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I'm trying to figure out the best way to go about doing this.

Basically I have one image that is the map of the United States and I want to be able to define a click region for each state. (so they have to be odd shaped)

I've done some research about defining hit regions in html5 canvas and with javascript. Although I haven't found much on creating odd shaped regions..

Is this the best way to go about it? Do y'all have any other suggestions?

I'm also wanting to be able to highlight the individual region once the mouse is over it and have it change colors based on the click order so the region defined has to be fairly accurate.

Would it be best to split each state up into different images and then use absolute positioning inside a main container?

Thanks!

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Try looking into d3 and geojson drawing. You can assign click listeners for each svg object that d3 generates. –  caffinatedmonkey Oct 2 '13 at 14:33
    
Is this specifically for the US map, or are there going to be other images you want to do this with? I'm pretty sure there's a jQuery map plugin that does exactly this.\ –  tymeJV Oct 2 '13 at 14:33
    
Yup, here it is: jvectormap.com –  tymeJV Oct 2 '13 at 14:34
    
@caffinatedmonkey I'll look into that, thanks! –  n388mm Oct 2 '13 at 14:35
    
@tymeJV Yeah, it's only for a US map. But, I figured if I learned how to do this manually I would gain the knowledge to do it later for other scenarios. Thanks! Can't believe I didn't stumble across that.. My Goggle-Foo must be off today. –  n388mm Oct 2 '13 at 14:37

3 Answers 3

You could use a <map> like this

<img src="yourImage.gif" width="99" height="99" alt="YourImage" usemap="#YourMap">
//The usemap attribute must match the name attribute of your map.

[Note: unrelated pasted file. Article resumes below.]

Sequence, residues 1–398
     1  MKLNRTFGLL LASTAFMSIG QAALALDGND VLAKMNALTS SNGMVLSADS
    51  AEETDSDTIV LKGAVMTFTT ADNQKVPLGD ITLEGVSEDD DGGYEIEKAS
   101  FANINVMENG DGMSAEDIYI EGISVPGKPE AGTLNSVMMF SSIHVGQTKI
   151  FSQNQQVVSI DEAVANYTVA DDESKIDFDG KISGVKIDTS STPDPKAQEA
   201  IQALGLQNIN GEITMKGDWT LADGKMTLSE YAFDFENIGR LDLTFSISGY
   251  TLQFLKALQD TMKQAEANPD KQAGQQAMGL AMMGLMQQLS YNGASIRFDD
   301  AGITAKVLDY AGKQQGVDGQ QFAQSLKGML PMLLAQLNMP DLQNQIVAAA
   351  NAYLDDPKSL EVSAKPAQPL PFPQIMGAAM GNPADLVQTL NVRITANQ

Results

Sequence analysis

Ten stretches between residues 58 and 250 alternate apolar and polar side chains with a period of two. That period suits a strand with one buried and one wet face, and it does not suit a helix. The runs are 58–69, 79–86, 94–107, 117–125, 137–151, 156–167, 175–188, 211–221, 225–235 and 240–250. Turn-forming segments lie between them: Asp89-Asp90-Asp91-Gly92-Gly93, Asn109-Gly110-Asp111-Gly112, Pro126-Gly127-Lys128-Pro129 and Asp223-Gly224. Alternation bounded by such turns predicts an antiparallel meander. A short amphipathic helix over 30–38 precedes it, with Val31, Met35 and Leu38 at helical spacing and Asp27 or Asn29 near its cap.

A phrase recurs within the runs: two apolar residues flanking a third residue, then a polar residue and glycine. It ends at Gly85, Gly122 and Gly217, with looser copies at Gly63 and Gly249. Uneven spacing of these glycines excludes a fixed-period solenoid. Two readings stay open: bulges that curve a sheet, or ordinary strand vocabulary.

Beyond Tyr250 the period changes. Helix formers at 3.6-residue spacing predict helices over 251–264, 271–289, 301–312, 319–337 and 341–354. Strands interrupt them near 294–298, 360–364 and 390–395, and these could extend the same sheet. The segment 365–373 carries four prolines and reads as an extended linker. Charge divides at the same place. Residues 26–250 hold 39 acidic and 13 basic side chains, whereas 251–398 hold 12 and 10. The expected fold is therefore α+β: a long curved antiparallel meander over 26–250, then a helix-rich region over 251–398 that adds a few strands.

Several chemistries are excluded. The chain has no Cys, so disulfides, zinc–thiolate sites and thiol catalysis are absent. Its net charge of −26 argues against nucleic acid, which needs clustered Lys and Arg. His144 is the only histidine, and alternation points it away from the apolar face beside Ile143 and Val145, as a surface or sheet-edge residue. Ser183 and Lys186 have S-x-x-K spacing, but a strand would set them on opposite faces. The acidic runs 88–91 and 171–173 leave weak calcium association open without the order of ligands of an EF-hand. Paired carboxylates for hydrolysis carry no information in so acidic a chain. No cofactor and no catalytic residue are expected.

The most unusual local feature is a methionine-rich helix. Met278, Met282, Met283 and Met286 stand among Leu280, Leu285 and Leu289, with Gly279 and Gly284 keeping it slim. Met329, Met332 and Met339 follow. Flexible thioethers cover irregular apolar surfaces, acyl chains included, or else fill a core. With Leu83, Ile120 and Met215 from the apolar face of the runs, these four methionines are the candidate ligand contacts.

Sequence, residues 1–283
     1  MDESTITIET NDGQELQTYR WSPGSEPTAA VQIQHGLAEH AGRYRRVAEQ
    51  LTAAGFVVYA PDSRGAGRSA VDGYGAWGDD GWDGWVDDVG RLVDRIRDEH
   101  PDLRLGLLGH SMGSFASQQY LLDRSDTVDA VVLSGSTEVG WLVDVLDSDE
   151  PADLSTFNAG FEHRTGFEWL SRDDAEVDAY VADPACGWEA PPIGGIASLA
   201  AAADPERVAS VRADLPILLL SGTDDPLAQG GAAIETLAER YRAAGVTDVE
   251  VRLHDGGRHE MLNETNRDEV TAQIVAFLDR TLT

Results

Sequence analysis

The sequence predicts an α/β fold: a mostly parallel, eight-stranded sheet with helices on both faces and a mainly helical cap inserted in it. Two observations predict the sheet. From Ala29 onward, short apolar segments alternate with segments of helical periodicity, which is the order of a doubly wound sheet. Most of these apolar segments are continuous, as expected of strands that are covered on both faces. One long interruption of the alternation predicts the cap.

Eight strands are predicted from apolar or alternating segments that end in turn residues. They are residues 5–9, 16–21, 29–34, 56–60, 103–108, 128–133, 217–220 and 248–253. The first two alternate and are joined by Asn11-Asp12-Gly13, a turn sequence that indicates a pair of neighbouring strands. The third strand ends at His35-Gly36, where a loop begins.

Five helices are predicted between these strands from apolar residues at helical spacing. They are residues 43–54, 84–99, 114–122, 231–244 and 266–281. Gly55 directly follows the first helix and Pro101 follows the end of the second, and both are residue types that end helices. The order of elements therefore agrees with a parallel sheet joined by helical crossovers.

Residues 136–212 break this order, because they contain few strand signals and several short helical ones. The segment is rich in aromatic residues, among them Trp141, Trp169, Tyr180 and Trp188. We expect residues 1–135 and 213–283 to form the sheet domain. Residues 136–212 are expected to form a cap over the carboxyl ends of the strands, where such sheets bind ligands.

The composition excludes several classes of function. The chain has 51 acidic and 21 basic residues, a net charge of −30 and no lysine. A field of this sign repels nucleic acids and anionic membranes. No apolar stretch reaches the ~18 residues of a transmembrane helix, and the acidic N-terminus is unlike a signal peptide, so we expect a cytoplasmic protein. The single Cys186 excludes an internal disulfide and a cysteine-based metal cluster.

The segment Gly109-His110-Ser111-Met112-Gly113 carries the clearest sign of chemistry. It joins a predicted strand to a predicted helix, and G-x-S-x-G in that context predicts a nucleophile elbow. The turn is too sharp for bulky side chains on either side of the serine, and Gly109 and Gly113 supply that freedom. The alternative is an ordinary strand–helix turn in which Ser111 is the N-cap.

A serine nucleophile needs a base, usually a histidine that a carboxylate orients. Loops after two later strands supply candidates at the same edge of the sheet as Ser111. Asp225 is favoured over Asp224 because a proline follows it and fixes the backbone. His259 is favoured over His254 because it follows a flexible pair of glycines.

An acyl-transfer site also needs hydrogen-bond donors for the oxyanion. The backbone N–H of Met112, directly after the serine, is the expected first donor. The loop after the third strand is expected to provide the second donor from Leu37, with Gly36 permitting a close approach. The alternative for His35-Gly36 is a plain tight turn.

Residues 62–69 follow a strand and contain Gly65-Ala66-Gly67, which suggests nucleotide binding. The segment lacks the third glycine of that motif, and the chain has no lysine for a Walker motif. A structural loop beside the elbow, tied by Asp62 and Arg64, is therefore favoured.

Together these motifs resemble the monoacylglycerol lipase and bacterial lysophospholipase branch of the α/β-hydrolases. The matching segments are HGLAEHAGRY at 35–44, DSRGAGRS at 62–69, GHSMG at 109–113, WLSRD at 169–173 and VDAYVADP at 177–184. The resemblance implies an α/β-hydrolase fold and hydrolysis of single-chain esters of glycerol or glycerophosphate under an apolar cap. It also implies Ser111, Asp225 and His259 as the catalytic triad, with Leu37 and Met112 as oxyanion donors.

<map name="YourMap">
    <area shape="rect" coords="0,0,82,126" href="path1.htm" alt="Path1">
    //Coords are x, y of the top left corner and the bottom right corner of the rectangle
    <area shape="circle" coords="90,58,3" href="path2.htm" alt="Path2">
    //Coords are the x, y of the center of the circle and the lenght of half the diameter of the circle
    <area shape="poly" coords="124,58,8, 1" href="path3.htm" alt="Path3">
    //Coords are the x, y of each points in the shape drew for an pentagone (5 corners)
    //The coords attribute could look like this coords="0, 0, 10, 10, 5, 10, 10, 5, 12, 13"
    //I know this dont make a pentagone but it does ilustrate that you need 5 pairs of     
    //numbre in the coords and that if you need more of them you can add however you need .
</map>

Then in the href attribute of the area tag you can put your own path to where the user goes when he click the area.

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Nice dude! This looks like a perfect solution. Thanks! –  n388mm Oct 2 '13 at 14:56
    
@n388mm Please mark it as the solution, thanks! –  Limited Atonement Aug 15 at 3:44

It's not very easy to create selectable portions of an image that snap exactly to a map so insted lets use d3, SVG and geojson to draw the United States as an svg.

var width = 1000,  // create constants for svg width and height
    height = 500,
    projection = d3.geo.albersUsa();  //get projection
// albersusa is a special projection for the united states
var svg = d3.select("body")  //select the body and create the svg with the width and height constants.
  .append("svg")
  .attr({
    width:width,
    height:height
  });

var g = svg.append("g"); // append a svg group for the map

d3.json("geo.json", function(data){  //fetch the json data
  console.log(data.features);  
    g.selectAll("path")  //draw the map
    .data(data.features)
    .enter()
      .append("path")
      .attr("d", d3.geo.path().projection(projection))
      .on("click", function(d){  // add onclick listener that logs the state clicked on.
        console.log("You clicked on " + d.properties.NAME, d);
      });
});    

The advantage of using SVG over images is that svg elements can be animated using CSS3 transions and they can also be manipulated using javascript. I've hosted an example of this on my google drive. Open the console and start clicking on the states.

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This is awesome! I had no idea you could use svg and geojson like that. (Shows how much more there is to learn) lol Thanks Dude! –  n388mm Oct 2 '13 at 17:21
1  

Quite a few of the javascript canvas libraries can help you out with this sort of thing, for instance Raphael ( http://raphaeljs.com/world/ ) or KineticJS ( http://www.html5canvastutorials.com/labs/html5-canvas-world-map-svg-path-with-kineticjs/ )

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